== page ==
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Other highlights of the grounds included seeing an old catapult in action and following a few rogue lambs around the property. As for the buildings themselves, several of them were quite stunning, particularly one farmhouse that was redone and repainted.

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Nicole and I also had a lot of fun at a farmhouse where we were able to interact with a few Norwegians who decided to show us around in character. The farmhouse they gave us a tour of was from 1906, so we had a bit of fun playing along and saying that we had arrived in Norway by boat after many weeks at sea, and that while America’s streets were not paved in gold, they were paved in silver. They in turn had fun showing us around. I would say that the two biggest things that we learned were that most homes had a Sunday room, or a very special room only used on Sundays or for guests, and we also learned the proper way to sleep. Apparently it’s incorrect to sleep horizontally because angels flying overhead might mistake you as dead and come and take your soul. The proper way to sleep is to sleep upright, as if sleeping in a chair.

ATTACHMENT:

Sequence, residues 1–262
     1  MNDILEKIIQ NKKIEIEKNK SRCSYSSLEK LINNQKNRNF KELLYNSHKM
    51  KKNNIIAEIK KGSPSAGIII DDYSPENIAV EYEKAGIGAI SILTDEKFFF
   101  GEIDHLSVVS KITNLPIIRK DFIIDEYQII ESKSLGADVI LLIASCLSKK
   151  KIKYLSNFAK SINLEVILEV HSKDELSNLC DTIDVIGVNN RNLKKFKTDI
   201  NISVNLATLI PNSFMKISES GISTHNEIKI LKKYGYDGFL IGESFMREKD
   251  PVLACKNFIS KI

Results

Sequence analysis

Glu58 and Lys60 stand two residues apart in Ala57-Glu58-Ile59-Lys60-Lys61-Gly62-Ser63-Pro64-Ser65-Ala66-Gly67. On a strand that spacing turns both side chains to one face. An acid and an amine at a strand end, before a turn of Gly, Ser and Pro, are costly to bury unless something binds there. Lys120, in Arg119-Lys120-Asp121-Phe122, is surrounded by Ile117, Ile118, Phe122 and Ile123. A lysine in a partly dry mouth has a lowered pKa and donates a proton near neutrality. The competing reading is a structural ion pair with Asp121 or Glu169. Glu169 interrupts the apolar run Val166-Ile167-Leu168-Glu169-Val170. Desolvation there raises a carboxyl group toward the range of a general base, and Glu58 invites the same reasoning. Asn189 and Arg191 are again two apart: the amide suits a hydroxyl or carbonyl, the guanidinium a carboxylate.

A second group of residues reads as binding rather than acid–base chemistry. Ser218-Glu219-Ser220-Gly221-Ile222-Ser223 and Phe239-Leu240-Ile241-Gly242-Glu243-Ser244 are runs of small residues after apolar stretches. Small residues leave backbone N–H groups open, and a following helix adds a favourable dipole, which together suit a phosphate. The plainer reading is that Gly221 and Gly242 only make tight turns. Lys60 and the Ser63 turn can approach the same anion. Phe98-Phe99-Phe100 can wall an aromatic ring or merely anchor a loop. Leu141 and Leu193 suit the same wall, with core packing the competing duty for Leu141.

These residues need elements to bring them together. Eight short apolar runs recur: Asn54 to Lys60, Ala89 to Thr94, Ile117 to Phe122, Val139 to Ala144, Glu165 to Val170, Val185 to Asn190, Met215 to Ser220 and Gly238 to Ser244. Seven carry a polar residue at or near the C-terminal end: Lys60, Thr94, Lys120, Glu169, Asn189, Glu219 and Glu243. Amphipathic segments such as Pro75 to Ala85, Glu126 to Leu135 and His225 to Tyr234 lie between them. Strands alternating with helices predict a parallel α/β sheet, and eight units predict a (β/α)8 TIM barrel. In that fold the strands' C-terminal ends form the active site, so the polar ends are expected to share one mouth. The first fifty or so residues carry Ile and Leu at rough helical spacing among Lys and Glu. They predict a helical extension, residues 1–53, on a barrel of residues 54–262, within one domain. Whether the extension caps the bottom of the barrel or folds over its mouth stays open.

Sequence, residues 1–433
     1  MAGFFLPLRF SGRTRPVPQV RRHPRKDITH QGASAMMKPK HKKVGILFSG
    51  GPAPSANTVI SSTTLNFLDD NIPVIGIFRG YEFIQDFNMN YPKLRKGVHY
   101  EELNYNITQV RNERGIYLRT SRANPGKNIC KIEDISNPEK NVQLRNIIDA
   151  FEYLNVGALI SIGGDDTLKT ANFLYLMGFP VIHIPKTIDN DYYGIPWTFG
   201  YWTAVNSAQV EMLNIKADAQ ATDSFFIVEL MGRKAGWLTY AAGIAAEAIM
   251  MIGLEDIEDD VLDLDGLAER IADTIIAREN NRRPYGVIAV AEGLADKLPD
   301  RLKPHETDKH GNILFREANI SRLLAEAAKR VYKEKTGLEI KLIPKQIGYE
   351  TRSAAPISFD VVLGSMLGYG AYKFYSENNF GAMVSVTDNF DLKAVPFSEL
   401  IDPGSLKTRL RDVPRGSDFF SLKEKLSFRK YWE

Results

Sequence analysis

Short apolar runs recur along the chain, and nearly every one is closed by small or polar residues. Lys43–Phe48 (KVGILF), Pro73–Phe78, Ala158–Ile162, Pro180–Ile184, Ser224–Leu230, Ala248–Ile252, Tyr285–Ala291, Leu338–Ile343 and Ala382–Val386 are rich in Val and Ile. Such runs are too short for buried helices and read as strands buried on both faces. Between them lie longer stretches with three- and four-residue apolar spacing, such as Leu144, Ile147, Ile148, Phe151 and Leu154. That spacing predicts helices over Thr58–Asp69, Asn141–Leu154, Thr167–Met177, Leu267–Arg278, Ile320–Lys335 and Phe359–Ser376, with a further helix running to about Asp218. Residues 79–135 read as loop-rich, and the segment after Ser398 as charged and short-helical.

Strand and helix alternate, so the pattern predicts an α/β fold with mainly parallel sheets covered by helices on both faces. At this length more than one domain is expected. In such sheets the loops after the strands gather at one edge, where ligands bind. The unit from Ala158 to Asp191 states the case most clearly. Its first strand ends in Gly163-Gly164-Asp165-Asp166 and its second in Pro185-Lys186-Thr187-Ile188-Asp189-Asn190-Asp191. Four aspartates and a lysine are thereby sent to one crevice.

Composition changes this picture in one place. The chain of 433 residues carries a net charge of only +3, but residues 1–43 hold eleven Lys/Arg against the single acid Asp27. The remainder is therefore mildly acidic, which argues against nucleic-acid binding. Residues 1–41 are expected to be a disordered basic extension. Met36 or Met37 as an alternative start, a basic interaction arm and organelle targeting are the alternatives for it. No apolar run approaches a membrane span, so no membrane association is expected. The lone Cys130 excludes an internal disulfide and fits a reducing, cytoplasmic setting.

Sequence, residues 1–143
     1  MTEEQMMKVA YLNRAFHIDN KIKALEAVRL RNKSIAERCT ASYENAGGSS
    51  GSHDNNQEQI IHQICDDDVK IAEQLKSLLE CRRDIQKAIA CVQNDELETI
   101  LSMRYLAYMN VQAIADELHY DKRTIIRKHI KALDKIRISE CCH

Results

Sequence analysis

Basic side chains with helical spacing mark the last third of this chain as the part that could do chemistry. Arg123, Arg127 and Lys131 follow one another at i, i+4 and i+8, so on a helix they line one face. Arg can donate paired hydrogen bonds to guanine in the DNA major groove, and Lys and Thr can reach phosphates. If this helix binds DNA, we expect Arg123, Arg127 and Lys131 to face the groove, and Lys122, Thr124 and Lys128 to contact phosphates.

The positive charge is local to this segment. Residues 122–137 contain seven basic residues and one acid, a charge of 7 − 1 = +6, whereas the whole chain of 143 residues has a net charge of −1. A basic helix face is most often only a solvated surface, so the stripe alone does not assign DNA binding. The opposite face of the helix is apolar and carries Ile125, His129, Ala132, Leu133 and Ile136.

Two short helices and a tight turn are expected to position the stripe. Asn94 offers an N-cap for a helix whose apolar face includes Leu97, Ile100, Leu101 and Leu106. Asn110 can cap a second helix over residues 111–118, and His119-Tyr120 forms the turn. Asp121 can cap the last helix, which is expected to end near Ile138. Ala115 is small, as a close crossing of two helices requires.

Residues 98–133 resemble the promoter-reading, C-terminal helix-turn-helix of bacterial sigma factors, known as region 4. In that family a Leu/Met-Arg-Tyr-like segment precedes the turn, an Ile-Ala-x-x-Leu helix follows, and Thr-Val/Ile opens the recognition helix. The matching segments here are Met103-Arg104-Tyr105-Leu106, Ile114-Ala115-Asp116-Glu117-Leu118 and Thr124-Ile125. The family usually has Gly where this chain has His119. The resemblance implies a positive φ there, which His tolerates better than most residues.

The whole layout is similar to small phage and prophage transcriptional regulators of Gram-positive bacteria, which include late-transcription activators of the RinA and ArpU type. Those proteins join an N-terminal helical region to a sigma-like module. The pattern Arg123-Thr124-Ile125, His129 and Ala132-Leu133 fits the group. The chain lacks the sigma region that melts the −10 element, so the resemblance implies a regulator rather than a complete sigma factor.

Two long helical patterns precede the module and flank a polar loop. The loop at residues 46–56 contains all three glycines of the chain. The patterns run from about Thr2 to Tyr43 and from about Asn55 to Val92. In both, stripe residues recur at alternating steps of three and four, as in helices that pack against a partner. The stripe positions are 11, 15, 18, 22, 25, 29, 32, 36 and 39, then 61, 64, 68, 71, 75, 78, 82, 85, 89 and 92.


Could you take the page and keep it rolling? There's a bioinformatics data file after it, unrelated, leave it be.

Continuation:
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We also paid a visit to the old town. The old town consists of buildings that used to be located in downtown Trondheim. There they have several exhibits featuring a dentist office, apothecary, and even a telephone operating room.

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My favorite spot was however the ski museum. I had never really thought too much about Norway’s favorite sport, so it was nice to gain some insight into it.

Skiing only started to take off in Norway in 1850. There were several factors that led to this, but they can be summarized by saying that an increase in wealth gave people the time and money to take up the sport. While more and more people were able to take up skiing, skiing only started to be closely linked to Norwegian identity after Fridtjof Nansen, a national hero and polar explorer, popularized his arctic explorations. This caused people to associate this hero, and Norwegians, with skiing.